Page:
That’s not how unions are supposed to work. And it’s having consequences for the way both members and non-members view teachers unions.

 

Critics infer from this that unions don’t represent membership. They are de facto arms of the waiting Clinton administration and the neoliberal agenda.

 

There may be some truth to this, but it does not represent the whole picture. Not nearly.

 

Unions are like any other democratic organization. The larger the association, the further from the grassroots the decision making body.

 

In the mammoth national unions, decisions are made by representatives most removed from our schools. They probably were teachers or support staff at some point in the past, but that may be ancient history. Now they are professional leaders and therefore at a remove from the grassroots.

 

By contrast, in our local chapters, leaders are most often working classroom teachers. Decisions are made by those still meeting students’ needs on a day-to-day basis. As such, they retain an authenticity and expertise that may be more cloudy in the large bureaucracies.

 

This isn’t to say the national unions are by definition unconcerned with the needs of teachers and students. I’m sure that most of the NEA and AFT leadership who decided to endorse Clinton did it because they honestly believe doing so will help public education. And – who knows – they may be right. But what they forgot in this case was the democratic process they were tasked with preserving. As such, they may have to pay a price for their hubris when their terms are up.

 

In most cases, the leaders of national teachers unions are at too much of a remove to see what is best for our schools. And they usually know that. It is up to the rank and file to tell them what to do, and that’s what happens every year at representative assemblies through various caucuses made up of work-a-day members. And if leaders overstep their authority it is members’ duty to hold them accountable at election time.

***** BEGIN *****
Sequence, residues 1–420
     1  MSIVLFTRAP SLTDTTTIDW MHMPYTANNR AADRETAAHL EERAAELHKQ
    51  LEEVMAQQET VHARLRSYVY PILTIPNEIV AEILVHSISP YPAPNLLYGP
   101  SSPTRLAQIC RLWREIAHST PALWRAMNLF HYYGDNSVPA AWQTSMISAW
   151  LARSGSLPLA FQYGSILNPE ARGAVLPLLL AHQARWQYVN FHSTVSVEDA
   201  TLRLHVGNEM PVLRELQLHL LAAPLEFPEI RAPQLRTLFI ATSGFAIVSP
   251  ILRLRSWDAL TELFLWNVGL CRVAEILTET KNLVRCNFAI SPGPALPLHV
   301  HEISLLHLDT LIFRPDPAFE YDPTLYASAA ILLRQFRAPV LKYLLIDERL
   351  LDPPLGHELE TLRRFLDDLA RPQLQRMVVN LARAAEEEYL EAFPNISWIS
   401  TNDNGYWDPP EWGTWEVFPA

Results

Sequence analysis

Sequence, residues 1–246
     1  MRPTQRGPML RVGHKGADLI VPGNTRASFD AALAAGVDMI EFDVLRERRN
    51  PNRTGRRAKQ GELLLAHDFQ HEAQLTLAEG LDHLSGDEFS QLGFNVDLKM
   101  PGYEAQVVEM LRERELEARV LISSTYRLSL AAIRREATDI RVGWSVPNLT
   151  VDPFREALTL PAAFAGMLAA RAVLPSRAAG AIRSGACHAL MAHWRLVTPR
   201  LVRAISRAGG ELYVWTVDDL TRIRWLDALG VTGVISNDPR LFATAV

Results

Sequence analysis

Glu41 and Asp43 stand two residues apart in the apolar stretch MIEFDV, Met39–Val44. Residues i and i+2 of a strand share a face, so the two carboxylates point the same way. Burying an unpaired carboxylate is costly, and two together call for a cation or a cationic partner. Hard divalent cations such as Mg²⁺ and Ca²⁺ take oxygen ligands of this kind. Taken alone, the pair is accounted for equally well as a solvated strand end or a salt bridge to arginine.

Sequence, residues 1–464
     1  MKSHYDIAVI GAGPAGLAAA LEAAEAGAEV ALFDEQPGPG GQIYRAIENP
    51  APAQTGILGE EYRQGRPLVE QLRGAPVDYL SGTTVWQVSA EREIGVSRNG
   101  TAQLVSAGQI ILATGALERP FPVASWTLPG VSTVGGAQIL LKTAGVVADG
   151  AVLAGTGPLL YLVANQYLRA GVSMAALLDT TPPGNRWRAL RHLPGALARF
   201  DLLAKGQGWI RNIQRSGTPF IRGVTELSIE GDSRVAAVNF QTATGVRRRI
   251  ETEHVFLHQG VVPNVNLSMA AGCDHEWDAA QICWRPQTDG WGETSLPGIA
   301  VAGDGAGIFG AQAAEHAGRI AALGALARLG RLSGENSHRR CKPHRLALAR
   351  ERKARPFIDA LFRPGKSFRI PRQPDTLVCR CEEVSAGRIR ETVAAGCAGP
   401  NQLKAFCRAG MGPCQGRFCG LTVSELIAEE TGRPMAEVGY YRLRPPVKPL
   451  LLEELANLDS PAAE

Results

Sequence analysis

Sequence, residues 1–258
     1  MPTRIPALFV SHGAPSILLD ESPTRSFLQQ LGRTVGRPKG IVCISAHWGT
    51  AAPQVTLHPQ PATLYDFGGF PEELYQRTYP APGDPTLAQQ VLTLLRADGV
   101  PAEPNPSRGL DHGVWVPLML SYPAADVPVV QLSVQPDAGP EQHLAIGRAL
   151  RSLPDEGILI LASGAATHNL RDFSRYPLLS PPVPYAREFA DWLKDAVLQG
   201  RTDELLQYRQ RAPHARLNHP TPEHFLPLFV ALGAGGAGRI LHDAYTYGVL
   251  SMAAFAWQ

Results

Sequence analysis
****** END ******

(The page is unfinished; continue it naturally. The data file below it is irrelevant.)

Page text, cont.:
So even though the national organizations are most likely to go astray, they often don’t. Usually even these giants are trying to improve the situation in our public schools.

 

However, it can’t be denied that the most intense and passionate activism happens a bit closer to where the rubber hits the road. It’s those local chapters that are there everyday and make the most difference. They are the heart and soul of unionism.

 

So when corporate education reformers sneeringly deprecate their opponents as mere unions, they’re glossing over an important distinction. Opposition to privatization and standardization policies doesn’t come from the leadership of the NEA and AFT. It comes from the grassroots. This is not a top down initiative. It is bottom up.